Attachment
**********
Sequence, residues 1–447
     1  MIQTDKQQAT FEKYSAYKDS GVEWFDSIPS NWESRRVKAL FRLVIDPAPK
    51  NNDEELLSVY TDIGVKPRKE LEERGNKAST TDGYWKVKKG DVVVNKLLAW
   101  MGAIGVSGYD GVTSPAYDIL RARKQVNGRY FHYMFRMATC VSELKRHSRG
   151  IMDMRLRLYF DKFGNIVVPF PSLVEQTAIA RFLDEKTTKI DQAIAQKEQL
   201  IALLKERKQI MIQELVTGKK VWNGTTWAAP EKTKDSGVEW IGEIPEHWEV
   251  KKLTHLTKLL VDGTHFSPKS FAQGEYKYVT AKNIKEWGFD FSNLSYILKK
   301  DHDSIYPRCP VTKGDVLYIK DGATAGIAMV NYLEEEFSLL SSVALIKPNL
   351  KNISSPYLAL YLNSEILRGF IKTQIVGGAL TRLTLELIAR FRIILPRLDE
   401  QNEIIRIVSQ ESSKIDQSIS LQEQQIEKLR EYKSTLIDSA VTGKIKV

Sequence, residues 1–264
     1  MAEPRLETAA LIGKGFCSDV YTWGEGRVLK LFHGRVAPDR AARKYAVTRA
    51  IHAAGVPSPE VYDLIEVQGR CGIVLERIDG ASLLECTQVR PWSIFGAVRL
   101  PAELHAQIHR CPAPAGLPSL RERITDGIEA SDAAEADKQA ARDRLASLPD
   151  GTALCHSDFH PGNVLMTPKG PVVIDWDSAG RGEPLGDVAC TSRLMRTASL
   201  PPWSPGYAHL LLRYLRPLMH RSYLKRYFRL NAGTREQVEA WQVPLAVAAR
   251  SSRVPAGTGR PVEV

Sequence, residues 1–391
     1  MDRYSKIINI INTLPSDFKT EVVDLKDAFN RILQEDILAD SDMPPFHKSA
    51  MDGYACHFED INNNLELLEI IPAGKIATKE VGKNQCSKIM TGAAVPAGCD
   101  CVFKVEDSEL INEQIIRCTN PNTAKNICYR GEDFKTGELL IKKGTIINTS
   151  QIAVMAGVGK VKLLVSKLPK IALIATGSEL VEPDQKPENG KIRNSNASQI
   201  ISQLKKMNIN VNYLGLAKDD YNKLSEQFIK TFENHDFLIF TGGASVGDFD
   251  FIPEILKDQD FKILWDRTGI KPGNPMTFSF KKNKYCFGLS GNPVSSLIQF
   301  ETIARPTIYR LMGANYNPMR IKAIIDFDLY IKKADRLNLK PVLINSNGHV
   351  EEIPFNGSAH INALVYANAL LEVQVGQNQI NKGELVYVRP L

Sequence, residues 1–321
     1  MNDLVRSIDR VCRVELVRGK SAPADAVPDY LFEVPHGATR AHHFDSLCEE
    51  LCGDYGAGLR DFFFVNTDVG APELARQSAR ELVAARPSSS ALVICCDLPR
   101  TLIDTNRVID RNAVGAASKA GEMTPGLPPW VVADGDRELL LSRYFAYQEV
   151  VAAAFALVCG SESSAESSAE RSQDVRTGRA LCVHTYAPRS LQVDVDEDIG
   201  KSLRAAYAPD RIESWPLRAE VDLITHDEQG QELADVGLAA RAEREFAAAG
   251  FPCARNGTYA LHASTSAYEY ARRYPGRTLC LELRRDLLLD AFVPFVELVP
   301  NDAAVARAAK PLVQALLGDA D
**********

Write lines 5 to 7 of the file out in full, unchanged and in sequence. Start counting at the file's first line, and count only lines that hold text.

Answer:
   151  IMDMRLRLYF DKFGNIVVPF PSLVEQTAIA RFLDEKTTKI DQAIAQKEQL
   201  IALLKERKQI MIQELVTGKK VWNGTTWAAP EKTKDSGVEW IGEIPEHWEV
   251  KKLTHLTKLL VDGTHFSPKS FAQGEYKYVT AKNIKEWGFD FSNLSYILKK